Are estate agents recession proof?

You may or may not have seen some numbers I ran for Deidre Hipwell of The Times article yesterday on estate agents. Now you would think that with a recession and house price crash that the number of estate agent ‘shops’ would have declined. The reality is that they have overall increased marginally over the last few years. Anecdotal evidence and conversations that I have had will say that the change comes in terms of estate agents as people rather than as ‘shops’. Whilst their shops stayed open (a key marketing space) the number of agents reduced behind the windows of property particulars.

The number of estate agents (excludes letting agents) is nearly 13,000, which is more than the number of Post Offices we have, more than the number of betting shops and even more than the number of charity shops! With declining values until recently and fierce competition on fees (typically 1% for many) you do wonder how many of these estate agents windows have managed to survive such a torrid time whilst many of their neighbouring shops went out of business years ago. Being lean, mean and keen must be key to survival.

Also of note is that nearly 8,000 of these estate agent windows are independents (<5 units) whilst Your Move is the largest chain with nearly 300 shops.

The picture of growth is not universal across all areas, as you should expect by now when you see LDC data. The largest number (5,500) exist in London and the South East and have grown by 2% and 1% respectively in the last 12 months off the back of a very strong market. Surprising to some might be that Wales has also experienced 2% growth in estate agent shops in the last 12 months whilst the South West and North East have declined by 1% each.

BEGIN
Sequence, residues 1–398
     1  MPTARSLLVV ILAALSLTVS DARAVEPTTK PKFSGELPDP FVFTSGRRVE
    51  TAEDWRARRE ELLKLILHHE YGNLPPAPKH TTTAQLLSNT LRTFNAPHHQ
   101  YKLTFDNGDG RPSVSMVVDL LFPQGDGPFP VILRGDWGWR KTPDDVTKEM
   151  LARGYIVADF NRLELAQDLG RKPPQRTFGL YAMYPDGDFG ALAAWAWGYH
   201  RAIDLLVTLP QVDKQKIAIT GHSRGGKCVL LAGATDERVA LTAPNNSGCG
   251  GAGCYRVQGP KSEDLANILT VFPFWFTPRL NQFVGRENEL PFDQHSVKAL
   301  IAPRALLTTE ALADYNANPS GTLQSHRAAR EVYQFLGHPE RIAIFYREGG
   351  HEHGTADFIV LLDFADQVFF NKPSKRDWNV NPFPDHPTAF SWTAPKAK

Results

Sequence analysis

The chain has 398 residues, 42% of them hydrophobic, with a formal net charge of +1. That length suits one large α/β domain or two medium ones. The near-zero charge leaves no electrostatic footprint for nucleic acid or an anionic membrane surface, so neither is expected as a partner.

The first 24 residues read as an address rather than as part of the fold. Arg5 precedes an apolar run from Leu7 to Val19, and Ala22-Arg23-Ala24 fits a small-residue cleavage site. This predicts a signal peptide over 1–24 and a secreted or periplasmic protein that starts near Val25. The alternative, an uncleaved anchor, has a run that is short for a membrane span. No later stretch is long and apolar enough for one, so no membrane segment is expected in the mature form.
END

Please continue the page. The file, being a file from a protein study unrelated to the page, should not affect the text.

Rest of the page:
In light of the sheer numbers there are many towns (and I mean many) where there are double-digit numbers of estate agents. The hot spots quoted in The Times piece were Enfield, Croydon, Orpington, Thornton Heath, Pinner, Romford, Ilford, Eastbourne and Canterbury who have all experienced rises of 10 per cent in the number of estate agents. With such numbers the big question is do they clusters as many other retailers and leisure operators do – the most controversial being betting shops. The answer is that in many cases then yes and the above towns are no exception. Below is an image of the estate agents in Ilford where there are 30 no less!


So estate agents are alive, well and growing to a volume, which dwarfs many other high street occupiers. Whilst the internet was seen as a key threat to estate agents it is another example where bricks and clicks each have their value and companies such as Right Move have leverage technology and data to make the property selection process faster and more informed which means agents need to be deal makers and not window dressing.

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